Jaws wasn’t just any shark movie; it was, and still is, the shark movie. Jaws is the shark movie that every other shark movie wants to be. It was responsible for an entire generation being terrified to even go near the ocean. They didn’t use CGI  to bring the beast to life. Instead, they used a mechanical shark, some top-grade acting, and a lot of suspense to make what was below the water scary even when you couldn’t see it. In fact, it was the mechanical shark, known by the production as Bruce, that resulted in much of the movie’s suspense. Not because it was a flawless, terrifying piece of machinery, but because it was so faulty that much of the planned footage of Jaws was cut during filming.

Jaws would not have been Jaws if it wasn’t for the dialogue in this film. It is easy to quote but hard to pick your favorite quote in a movie with so many. Apart from the iconic line that we already touched on, several other lines and scenes hang out in our subconscious. It is hard to find someone who doesn’t know some version of, “You’re going to need a bigger boat,” and Show Me the Way to Go Home has been sung a significant number of times at parties. The film is so ingrained in our pop culture that many people may not even know they are quoting it.

Further cementing Jaws into the minds of many was John Williams’ magnificent instrumental score. Williams described his theme as “grinding away at you, just as a shark would do, instinctual, relentless, unstoppable.” To this day, whether you have seen the movie or not, that slow build-up still sends a shiver down our collective spines. It has been used as parody, and variations of this iconic music are still used to drum up fear in viewers. No matter where you are or what you are doing, you can’t help but look over your shoulder when you hear that first note.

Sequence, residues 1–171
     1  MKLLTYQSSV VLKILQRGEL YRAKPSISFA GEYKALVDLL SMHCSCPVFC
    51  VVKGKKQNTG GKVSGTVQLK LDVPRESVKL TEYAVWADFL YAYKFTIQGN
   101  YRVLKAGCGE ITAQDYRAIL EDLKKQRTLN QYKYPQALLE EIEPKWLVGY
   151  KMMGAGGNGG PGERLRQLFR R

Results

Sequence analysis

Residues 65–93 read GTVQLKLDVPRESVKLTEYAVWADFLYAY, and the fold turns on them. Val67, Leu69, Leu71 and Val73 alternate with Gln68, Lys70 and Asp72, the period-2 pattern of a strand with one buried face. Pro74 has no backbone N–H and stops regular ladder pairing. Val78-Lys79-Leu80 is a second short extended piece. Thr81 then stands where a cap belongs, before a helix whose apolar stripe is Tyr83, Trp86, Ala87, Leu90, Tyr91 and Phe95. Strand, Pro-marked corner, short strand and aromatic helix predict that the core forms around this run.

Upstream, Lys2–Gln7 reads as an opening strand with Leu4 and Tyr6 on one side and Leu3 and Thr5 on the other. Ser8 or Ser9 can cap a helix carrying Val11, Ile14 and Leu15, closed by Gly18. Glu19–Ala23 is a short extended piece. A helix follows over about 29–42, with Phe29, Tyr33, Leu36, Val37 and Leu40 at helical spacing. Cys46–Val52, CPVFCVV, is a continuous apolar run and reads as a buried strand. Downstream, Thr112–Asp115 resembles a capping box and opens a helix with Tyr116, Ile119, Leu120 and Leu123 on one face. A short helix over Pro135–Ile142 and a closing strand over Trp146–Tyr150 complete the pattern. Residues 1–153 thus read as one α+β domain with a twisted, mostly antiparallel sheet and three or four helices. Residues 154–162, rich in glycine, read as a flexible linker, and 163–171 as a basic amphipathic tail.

The only complaint that anyone could have about Jaws is that it was too good. Its popularity spawned three sequels that deteriorated in quality with each installment. So much so that the fourth movie is widely panned as one of the worst films ever made. Still, the original is so fantastic that even this stain on its legacy cannot take away from its place at the top of film history.

Jaws isn’t just the quintessential shark movie; it is the quintessential summer movie. It may leave you feeling uneasy about what’s below the surface of the water, but it also makes us yearn for coastal life in the summertime. There are so many incredible movies out there, but few are as close to perfect as Jaws. A certified legend directed it, the acting was nothing short of masterful, and the story blended genres to create a criterion movie that can be enjoyed repeatedly without ever becoming stale.


Arthur Thares
Arthur is an avid television and movie fan with horror being his favored genre. If you can name it, he has probably seen it. Twice. During the day you can find him in his office listening to jazz and writing about things that inspire him.